This maneuver by Russia comes shortly after Biden authorized Ukraine to use U.S.-supplied weapons for strikes inside Russia, aiming to protect Kharkiv, Ukraine’s second-largest city. Newton notes that Russia’s activities near allies Cuba and Venezuela are reminiscent of the Cold War, when the Soviet Union sought to project power and influence in Latin America, most notably during the Cuban Missile Crisis of 1962. “The tensions are rising, especially with President Biden’s recent announcement,” Newton said.

The Cuban Missile Crisis was a harrowing 13-day standoff between the U.S. and the Soviet Union over the installation of Soviet nuclear missiles in Cuba, nearly plunging the world into nuclear war. Ultimately, both countries agreed to remove their respective missiles from Cuba and Turkey, defusing the crisis.

Today, the presence of Russian ships in Cuba revives memories of Cold War tensions, raising concerns about Russia’s military intentions and geopolitical maneuvering near U.S. borders. While the threat now is less about immediate military confrontation and more about strategic posturing, it still necessitates careful attention.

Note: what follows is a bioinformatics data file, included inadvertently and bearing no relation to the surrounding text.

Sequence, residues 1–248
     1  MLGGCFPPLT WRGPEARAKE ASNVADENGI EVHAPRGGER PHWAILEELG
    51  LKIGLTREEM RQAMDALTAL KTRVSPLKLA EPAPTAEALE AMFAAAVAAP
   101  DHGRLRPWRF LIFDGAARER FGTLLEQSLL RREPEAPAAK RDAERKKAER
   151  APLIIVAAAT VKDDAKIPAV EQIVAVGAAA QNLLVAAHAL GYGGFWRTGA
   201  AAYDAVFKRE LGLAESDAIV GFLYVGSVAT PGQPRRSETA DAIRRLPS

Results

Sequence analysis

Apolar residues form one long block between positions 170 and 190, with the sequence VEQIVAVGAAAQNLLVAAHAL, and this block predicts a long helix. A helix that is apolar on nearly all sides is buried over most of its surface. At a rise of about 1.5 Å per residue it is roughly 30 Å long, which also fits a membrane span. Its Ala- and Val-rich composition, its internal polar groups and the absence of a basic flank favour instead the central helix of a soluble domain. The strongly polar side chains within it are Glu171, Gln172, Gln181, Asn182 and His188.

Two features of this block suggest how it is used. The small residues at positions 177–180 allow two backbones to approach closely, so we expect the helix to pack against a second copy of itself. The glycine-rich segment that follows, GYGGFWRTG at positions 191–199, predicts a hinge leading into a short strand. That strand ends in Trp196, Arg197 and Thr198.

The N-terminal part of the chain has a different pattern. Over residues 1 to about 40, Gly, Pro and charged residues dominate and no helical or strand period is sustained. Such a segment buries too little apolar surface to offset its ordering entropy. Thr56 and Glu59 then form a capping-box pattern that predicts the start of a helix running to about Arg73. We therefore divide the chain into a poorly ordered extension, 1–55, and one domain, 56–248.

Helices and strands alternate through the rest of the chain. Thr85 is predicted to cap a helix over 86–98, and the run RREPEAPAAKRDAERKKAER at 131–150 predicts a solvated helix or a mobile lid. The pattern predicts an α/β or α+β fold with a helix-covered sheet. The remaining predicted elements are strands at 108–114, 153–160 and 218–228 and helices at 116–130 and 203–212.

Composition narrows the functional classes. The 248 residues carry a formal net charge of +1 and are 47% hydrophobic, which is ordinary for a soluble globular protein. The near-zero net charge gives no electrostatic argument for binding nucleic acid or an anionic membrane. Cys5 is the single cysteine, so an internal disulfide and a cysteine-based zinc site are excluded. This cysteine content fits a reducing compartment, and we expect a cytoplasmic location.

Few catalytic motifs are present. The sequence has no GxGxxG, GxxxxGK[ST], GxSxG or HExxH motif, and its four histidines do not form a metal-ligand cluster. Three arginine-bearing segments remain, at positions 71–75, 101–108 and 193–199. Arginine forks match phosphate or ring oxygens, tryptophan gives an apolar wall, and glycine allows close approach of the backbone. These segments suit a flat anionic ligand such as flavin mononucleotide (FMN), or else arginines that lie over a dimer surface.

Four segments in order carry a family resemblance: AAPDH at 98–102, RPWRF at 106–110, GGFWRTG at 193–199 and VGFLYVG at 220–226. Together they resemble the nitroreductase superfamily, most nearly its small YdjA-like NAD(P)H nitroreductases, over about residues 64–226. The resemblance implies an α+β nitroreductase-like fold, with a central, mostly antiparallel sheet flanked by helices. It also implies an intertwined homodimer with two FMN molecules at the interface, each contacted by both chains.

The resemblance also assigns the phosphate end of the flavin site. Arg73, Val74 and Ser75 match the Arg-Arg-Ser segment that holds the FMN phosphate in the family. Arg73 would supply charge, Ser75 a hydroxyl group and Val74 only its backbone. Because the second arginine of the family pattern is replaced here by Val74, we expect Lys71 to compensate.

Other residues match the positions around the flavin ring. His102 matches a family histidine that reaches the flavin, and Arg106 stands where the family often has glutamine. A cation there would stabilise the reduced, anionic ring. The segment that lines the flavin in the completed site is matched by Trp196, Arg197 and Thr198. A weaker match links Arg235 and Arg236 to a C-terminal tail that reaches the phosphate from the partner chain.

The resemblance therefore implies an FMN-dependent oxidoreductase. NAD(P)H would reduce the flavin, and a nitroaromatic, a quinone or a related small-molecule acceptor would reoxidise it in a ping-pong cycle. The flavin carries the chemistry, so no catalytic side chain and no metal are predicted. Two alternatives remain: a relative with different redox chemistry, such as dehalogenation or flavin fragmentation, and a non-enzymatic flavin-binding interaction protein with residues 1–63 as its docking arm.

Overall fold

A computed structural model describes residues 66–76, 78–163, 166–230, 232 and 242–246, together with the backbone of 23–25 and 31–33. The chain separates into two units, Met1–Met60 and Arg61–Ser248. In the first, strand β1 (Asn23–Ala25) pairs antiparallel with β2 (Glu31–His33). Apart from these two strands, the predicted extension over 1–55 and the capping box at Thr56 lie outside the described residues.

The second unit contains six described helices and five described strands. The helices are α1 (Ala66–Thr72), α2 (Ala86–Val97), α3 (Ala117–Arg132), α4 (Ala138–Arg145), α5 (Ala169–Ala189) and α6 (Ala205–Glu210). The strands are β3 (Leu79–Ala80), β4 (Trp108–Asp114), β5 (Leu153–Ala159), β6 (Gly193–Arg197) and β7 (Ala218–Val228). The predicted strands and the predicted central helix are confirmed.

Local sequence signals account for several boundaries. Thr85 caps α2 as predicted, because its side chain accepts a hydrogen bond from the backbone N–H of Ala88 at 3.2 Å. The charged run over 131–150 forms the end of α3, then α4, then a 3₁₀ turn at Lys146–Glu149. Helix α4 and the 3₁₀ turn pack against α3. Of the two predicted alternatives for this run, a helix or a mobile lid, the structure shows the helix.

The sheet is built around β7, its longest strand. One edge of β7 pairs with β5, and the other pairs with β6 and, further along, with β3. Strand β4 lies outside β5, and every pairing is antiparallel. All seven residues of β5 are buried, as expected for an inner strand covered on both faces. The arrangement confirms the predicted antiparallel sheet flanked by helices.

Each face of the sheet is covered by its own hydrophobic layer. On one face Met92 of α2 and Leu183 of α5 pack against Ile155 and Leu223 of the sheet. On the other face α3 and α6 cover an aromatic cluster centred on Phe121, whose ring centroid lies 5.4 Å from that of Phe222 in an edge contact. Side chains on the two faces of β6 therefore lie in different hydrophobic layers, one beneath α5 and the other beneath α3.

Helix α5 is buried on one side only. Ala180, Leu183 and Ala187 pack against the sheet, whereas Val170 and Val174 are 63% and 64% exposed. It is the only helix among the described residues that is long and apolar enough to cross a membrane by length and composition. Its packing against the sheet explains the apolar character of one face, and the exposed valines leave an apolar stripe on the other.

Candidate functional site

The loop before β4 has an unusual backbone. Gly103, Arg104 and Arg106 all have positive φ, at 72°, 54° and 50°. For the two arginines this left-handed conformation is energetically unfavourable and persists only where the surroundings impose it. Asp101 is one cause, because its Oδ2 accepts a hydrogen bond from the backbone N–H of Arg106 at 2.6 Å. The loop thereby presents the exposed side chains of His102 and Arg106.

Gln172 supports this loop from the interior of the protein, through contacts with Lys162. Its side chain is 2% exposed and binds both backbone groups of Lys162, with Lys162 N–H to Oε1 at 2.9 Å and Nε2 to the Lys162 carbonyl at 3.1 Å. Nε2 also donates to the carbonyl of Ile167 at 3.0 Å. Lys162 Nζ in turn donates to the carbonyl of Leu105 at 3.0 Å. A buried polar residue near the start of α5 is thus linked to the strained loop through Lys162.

Despite the Pentagon’s dismissive stance, the deployment of Russian naval assets to Cuba is a significant geopolitical gesture. It could indicate Russia’s intent to reassert its presence in the Western Hemisphere, echoing Cold War dynamics and possibly responding to increased NATO activities near Russia’s borders.

The American defense establishment is treating Russia’s southern presence with due seriousness. U.S. vessels, including three destroyers, a Coast Guard cutter, and a maritime reconnaissance aircraft, are reportedly monitoring the Russian fleet closely.

Dr. William M. LeoGrande, an expert in U.S.-Cuba relations, points out that Cuba’s dire economic situation has led to an increased dependency on Russia. Cuba’s economy has been severely impacted by intensified U.S. sanctions, the COVID-19 pandemic’s hit on tourism, and ineffective domestic policies, resulting in a significant shortage of foreign currency and hampered import capabilities.